# BAZILEVI ```785
Internat. J. Math. &amp; Math. Sci.
Vol. 8 No. 4 (1985) 785-793
GROWTH RESULTS FOR A SUBCLASS
OF BAZILEVI FUNCTIONS
RABHA MD. EL-ASHWAH and D. K. THOMAS
Department of Mathematics and Computer Science
University College of Swansea
Singleton Park
SWANSEA SA2 8PP
South Wales, U. K.
B()
0, let
For
ABSTRACT.
Choosing the associated starlike function
defined in the unit disc.
a proper subclass
BI()
be the class of regular normalized
B().
of
B(),
For
g(z)
z
functions
gives
correct growth estimates in terms of the
Several results in this direction are given for
area function are unknown.
KEY WORDS AND PHRASES. Bazilevic functions, subclasses
tive has positive real part, close-to-convex functions,
estimates.
1980 AMS SUBJECT CLASSIFICATION CODE. 30C45.
1.
Bazilevi
BI(1/2).
,
functions whose derivaof
coefficient and length-area
INTRODUCTION.
Let
S
be the class of regular, normalized, univalent functions with power series
expansion
f(z)
for
D
z
where
R,
Denote
S*,
D
z
zl
K
and
B()
vative has positive real part
z
+
B(a),
0
that, there exist
S*
such that for
B()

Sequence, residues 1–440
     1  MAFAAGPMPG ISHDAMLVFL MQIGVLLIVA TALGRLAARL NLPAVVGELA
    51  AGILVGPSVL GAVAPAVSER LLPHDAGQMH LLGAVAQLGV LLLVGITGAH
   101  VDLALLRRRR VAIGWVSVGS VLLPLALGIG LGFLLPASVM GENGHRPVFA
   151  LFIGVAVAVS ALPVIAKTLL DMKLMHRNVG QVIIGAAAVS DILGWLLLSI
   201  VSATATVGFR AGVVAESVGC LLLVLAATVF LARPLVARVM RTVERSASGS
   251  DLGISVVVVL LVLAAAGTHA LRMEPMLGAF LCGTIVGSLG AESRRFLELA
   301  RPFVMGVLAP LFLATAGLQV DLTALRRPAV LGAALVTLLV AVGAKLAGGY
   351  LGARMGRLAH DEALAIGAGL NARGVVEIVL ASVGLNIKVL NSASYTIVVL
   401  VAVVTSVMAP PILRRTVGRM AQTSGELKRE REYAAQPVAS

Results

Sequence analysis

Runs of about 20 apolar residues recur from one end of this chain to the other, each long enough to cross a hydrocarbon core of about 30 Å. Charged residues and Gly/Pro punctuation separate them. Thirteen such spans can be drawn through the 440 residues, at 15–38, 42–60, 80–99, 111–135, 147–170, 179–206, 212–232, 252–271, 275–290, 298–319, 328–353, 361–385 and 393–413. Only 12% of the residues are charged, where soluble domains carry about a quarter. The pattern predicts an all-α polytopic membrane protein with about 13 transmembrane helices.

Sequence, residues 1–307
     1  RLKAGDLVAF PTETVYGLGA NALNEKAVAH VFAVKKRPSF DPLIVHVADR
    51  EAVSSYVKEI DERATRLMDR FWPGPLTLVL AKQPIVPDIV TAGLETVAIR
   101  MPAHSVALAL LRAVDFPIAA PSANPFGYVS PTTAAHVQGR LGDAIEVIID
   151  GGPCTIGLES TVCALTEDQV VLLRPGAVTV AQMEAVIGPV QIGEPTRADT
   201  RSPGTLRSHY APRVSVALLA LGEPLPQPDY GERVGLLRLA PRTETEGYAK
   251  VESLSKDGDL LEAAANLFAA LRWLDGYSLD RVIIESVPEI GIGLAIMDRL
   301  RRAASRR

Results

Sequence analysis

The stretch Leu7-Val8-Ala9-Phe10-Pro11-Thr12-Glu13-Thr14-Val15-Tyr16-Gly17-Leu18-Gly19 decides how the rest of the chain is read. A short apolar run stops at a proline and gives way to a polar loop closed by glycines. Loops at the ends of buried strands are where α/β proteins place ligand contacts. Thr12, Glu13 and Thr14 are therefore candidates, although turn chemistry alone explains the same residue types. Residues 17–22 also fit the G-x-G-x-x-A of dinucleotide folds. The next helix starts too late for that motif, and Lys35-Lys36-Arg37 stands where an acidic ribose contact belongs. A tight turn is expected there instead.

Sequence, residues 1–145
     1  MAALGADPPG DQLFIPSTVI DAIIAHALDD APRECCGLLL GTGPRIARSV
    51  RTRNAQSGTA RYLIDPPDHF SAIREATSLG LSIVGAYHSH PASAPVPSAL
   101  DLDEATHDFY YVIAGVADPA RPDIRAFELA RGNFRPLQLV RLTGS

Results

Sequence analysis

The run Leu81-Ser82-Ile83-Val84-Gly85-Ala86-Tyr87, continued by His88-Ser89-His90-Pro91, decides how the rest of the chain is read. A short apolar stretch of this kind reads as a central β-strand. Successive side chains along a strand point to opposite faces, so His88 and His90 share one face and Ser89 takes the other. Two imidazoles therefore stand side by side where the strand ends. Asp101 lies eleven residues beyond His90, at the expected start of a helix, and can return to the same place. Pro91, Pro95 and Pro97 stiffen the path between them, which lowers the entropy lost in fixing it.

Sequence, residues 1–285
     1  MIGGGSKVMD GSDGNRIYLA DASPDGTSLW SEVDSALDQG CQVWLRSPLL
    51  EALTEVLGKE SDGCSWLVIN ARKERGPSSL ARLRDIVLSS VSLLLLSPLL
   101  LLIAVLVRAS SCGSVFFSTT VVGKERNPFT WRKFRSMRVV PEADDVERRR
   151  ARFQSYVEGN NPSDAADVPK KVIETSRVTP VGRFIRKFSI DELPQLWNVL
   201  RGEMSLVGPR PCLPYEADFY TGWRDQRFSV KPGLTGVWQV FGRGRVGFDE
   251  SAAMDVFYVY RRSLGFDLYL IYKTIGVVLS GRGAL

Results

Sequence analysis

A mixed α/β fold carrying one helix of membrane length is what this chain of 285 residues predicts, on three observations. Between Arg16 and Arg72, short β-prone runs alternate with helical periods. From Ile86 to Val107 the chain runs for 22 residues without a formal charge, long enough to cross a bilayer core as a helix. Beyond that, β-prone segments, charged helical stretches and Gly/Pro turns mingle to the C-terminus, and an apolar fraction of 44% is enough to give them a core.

f(z),
D
which is the image of
and
A(r)
with
z
i0
0
and
B(1)
M(r)
max
best possible when
f
regular and normalized in
D, such
(1.2)
Let
C(r)
f(z),
L(r)
K
under the mapping
w
C(r)
For
f e
r
I,
denote the closed curve
be the length of
S*,
C(r)
it was shown  that,
I,
r
e(r)
where
p.221], closeFollowing  we define
O.
l-g (z)a
the area enclosed by the curve
re
which are functions whose deri-
D,
z e
zf’(z)
S*
S
 respectively.
to be the class of functions
g e
(i.I)
starlike with respect to the orgin [9
f(z)
g(z)
n
I}.
,
Rc
Then if
a z
n
the subclasses of
to-convex  and Bazilevic of type
f
nE__2
f(z)l,
f
is
0(I) (M(r) log
i_-)
as
(I.3)
and Hayman  gave an example to show that this estimate is
bounded.
In  this result was extended to starlike func-
786
R.M. EL-ASHWAH AND D.K. THOMAS
A(r)
tions with
S*,
f
A modification of this method also shows
A constant.
0(1) /A(r)(log _J__l
e(r)
as
l-r
r-
Thomas  also showed that (1.3) holds for the class
0
.
a _&lt;
for
.that
I.
(I 4)
K
B(a),
and for the class
It is apparently an open question that (1.4) is valid for
K
f
or
B(a).
Pommerenke [II] showed that if
nla n
C
where
S*
f
then for
C/A(I-
-)’
C M(I-
In  the subclass
g(z) _= z
and a
a2, a3,
a
n
of B(a)
Bl(a
B(a)
by showing that
I).
n
The question as to whether (1.5) is valid for
which
(1.5)
is constant, and Noor [lO] extended this to
nla n
2
n
(I 6)
K
f
B(a)